Penn Jillette
Magician
05:53

Penn Jillette: There's No War on Christmas. Let's Spread the Joy.

Penn Jillette: There's No War on Christmas. Let's Spread the Joy.

Penn Jillette says there is no such thing as a war on Christmas. And yet, Jillette says we're leaving out "close to 30 percent of the population of the United States of America...Why can’t you just say, it’s a beautiful season, we all love each other? Let’s all have a good time."

Penn Jillette

Penn Jillette is an American magician, comedian, and author, and is half of "Penn and Teller." Jillette began his career as a juggler, graduating from Ringling Brothers and Barnum & Bailey Clown College, and in 1981 he teamed up with his friend Teller for a famous off-Broadway show. Since 2003, Penn and Teller have hosted the popular television show "Penn & Teller: Bullshit!" in which they debunk popular misconceptions or pseudo-scientific beliefs. Jillette is an outspoken advocate of atheism and libertarianism, and is the author of the novel "Sock."

Transcript

Penn Jillette: I don’t think there’s any attack against Christmas.  I think that seeing including other people in a seasonal joy, how can that be seen as an attack?  Maybe the greatest speech of our time, most probably the greatest speech of our time, is Martin Luther King’s I Have a Dream speech.  What Martin Luther King does in that speech, Martin Luther King was a religious man.  Martin Luther King was a Reverend.  He says in that speech, he doesn’t say this is just for Christians, he says it’s for everybody.  He doesn’t use the word “Christian” anywhere in the speech. He does refer to a God, he does say:  “Free at last, Lord, Lord,” but he is quoting a Spiritual.  He was a preacher who spoke in churches and yet when it was important to bring other people in, the, I Have a Dream speech speaks to me, it speaks to atheists.

And I don’t care if you’re talking about Walgreen’s, if you’re talking about sending out Christmas cards or your setting up something on a town square.  Why do you want to leave people out?  Why is it considered an attack to say “holidays,” to say “seasonal?”  I mean, don’t you want other people to join you in joy? Why are you excluding other people?  I don’t think there should be any sort of, you’re not allowed to say Christmas.  I think you’re fine putting up your trees.  I think you’re fine talking about Santa Claus and you’re fine talking about Jesus Christ, about equal to me.  But why leave me out?  Why do that?  What’s your motive?  And trying to turn around a “we want to leave you out,” into “why are you forcing us to not have our joy,” is insanity.  It’s backwards.  

So sure, sure, say Christmas, but you’re leaving out right about now close to 30 percent of the population of the United States of America that you are telling, I’m not talking to you.  Why can’t you just say, it’s a beautiful season, we all love each other.  Let’s all have a good time.  Why is that terrible?   I also think that the war on – I mean, I would love to take the Christ out of Christmas.  I mean, I would love that.  I would love there to be a time of the year where everybody came together.  I mean, there’s something that’s happened in this country over the past, well 100 years, but really over the past 50 years, where this word “Christian” has become more important.  The early part of the 20th century, the late part of the 19th century, you had Baptists, you has Southern Baptists, you had Methodists, you had Congregationalists, you had Catholics, you had, you know, all these different kind of little sects.  You had Baptists and Southern Baptists and then Joe’s Baptist and you know, Bill’s Bait Shop and Baptist, you know, you had all these little groups.  And they were all kind of warring.  And then in many people’s opinion, in order to fight abortion, to get a consensus and a strong group to fight that, they kind of adopted this word “Christian,” which isn’t used much, even before Jimmy Carter, you know.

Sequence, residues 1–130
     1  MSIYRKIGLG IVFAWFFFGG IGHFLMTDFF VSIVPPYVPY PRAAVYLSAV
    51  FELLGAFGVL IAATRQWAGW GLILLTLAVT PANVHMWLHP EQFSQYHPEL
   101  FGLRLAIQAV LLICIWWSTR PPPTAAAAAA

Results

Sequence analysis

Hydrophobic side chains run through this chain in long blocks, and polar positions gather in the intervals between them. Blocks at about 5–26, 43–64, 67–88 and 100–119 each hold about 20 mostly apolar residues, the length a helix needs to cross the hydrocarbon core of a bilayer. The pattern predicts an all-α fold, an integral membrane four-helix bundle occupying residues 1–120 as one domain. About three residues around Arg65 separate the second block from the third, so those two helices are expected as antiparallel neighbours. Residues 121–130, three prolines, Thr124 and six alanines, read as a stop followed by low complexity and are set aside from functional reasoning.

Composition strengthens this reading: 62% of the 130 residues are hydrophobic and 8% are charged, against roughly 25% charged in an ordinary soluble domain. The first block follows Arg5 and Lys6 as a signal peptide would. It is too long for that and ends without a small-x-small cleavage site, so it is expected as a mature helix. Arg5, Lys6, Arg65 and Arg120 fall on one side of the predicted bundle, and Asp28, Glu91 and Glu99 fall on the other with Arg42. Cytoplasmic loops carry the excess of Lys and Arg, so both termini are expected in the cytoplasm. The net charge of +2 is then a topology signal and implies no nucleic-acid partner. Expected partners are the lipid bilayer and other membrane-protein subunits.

The word, “Christian” to count the Catholics and the Protestants and all the Protestants all together and that allows them to say stuff like Christian nation and allowed them to say stuff.  Because if you take each sect individually, well, non-religious is one of the biggest ones.  You have to do all of the Christians together, throw them all together to get this 60, 70 percent. So I just think they should keep going.  Why stop at Christian?  Why not keep going to American?  Why not make the Christmas time of the year an American holiday and really include all Americans?  And then we keep going, why not include all people.  I mean, I don’t see why you want to close people out.  It’s your right to close people out; it’s your right to have a club that people can’t belong to.  But, why do you want to do it?  Why not just give a smile and welcome us in?  Welcome us into your stores, make a buck.  Welcome us into your homes, have a laugh.  You know, welcome us everywhere.  

And doing holiday instead of Christmas brings everybody in.  Doesn’t seem that terrible, but I certainly don’t think there should be anything legal stopping people from saying all the Christmas stuff they want.  I am more in favor of freedom of religion than anyone I’ve ever met.  I am – I think you should have all the prayer meetings you want all the time with any religion you have.  I’d rather you didn’t do it on my dime.  I’d rather you do it on your own with the people that agree with you.

Directed / Produced by

Jonathan Fowler and Elizabeth Rodd


 

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